Sea Salts and Celluloid
"Living beside the historic harbour of Portsmouth with its great naval traditions and fame as a yachting centre, and with my own love of the sea which as a boy gave me a strong desire to join the Royal Navy and capture pirates, it was natural that in taking up photography I should grasp the opportunity that dry plates offered to obtain sea scenes, and that on the advent of cinematography I should welcome the chance to take living pictures where I had taken still ones. My first attempts with snapshots in 1881 and with the ciné camera in 1897 were both brought to Royal notice, and being thus honoured gave me zest to obtain pictures which were to cause considerable sensation in all parts of the world.
There are still many who have happy recollection of my films which, under the title of "Our Navy", were shown for fourteen years at the Polytechnic, Regent Street, and throughout this country and Colonies. Commencing with an exhibition given before the late King George V when he was Captain of H.M.S. "Crescent" in 1898, it subsequently was honoured by Royal commands from Queen Victoria and King Edward VII.
I think I may lay claim to be one of the earliest of the pioneers following M. Lumière and Mr. Paul, who started exhibiting films in this country in 1896. Certainly I was the first to take films of scenes at sea, and to my programme were later added films of the Army, the Mercantile Marine and the Dominions overseas. Thus was formed an entertainment of imperial interest, in which I was greatly encouraged by the intense enthusiasm with which it was received by the public. With the aid of these pictures it was made possible for people to realise what life in the Services is like, and in the Midlands, where many had never seen a ship and some not even the sea, the films aroused intense patriotic feeling and stimulated recruiting.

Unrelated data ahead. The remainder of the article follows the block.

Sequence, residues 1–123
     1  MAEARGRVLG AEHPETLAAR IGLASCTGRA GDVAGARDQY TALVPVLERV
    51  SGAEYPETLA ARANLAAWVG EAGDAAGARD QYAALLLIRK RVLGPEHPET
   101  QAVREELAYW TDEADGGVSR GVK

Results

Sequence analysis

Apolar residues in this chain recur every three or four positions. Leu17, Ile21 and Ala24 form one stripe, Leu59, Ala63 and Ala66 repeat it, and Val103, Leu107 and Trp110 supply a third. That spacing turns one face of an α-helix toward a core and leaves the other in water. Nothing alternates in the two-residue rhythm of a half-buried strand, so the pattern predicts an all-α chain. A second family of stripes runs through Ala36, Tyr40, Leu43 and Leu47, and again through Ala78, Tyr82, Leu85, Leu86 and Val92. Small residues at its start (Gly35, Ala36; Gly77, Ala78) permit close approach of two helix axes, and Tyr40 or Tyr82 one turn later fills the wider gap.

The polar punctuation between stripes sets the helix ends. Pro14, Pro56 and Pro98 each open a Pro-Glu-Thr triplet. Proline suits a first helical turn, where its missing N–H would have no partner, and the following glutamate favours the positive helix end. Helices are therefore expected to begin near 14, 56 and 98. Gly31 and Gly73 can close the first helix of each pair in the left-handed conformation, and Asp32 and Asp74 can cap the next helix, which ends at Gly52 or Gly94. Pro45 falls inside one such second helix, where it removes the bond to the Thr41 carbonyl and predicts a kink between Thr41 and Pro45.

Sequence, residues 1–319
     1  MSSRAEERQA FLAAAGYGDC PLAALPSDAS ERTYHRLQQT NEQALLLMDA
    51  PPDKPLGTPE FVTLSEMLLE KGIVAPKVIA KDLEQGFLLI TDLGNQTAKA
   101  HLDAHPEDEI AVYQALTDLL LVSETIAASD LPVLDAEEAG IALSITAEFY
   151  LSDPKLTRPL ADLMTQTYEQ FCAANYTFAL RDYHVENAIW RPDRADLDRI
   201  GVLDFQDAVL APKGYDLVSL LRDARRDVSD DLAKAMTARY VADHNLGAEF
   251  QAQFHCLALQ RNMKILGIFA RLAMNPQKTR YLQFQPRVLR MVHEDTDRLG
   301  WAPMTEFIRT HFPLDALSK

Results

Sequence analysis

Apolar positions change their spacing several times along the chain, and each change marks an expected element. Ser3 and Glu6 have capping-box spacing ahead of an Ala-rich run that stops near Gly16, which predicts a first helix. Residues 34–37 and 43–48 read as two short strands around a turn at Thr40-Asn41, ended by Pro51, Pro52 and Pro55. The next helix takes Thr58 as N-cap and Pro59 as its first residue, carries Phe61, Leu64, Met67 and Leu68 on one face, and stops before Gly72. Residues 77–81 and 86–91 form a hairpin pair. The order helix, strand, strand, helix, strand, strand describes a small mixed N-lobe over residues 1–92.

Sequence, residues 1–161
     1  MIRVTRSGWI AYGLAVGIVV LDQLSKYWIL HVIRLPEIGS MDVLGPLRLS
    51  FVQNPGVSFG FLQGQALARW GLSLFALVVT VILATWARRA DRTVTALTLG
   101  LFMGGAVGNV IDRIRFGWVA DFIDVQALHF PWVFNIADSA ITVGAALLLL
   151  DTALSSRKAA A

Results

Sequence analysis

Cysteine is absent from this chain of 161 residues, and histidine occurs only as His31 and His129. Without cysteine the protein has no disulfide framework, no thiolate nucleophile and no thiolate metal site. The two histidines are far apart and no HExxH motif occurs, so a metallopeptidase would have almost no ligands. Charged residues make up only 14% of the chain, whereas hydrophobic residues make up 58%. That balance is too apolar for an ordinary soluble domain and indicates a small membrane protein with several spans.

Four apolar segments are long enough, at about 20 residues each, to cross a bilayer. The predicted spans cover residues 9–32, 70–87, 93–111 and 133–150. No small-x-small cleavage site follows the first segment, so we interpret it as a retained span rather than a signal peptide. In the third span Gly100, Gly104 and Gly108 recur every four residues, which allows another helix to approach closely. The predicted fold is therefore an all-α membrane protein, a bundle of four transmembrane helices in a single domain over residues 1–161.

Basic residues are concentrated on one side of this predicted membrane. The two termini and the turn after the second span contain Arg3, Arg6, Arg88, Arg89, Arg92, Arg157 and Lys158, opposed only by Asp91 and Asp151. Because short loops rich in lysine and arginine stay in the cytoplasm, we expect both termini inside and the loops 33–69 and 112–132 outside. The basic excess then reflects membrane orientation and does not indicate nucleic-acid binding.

The Lords Commissioners of the Admiralty and the members of the Army Council recognised that my efforts were proving splendid propaganda for recruiting purposes, and granted me every facility for obtaining films. I felt that in stimulating patriotic interest with my pictures, I was making myself useful to my country, and from the time of its regal inception until the moment when, fourteen years later, I had to relinquish my work through ill-health, this was my aim. Before I started, I knew nothing of how to run a show, but with the able help of my staff, which numbered something over 50, all of whom loved their work and rendered me loyal assistance, most of the difficulties were overcome. On the eve of my departure for Canada in 1902, my wife and I were deeply touched when the staff presented me with a gold watch and her with a gold bracelet as tokens of their esteem.
It has been suggested that I should write a book about my lifes work, and I am leaving this record of my experiences in the hope that it may be as interesting in the reading as it has been in the fulfilment."
ALFRED J. WEST.
The Victoria Hall Cinema
The first cinema in Portsmouth was the "Victoria Hall" in Commercial Road 1896. Records show that a Mr. Arthur Andrews hired the Victoria Hall for the regular showing of films at the cost of £60 per week and his first presentation on March 26th 1900 was "Our Navy" The film commentary was given by an old sailor Mr Harry Coveneny.
Information taken from: "The cinemas of Portsmouth" published in 1981 by Ron Brown, J.Barker & E Greer.
West's 'Our Navy was firmly established at the Polytechnic Regent Street by 1899. These contemporary reports are taken from University of Westminster Archives by kind permission.
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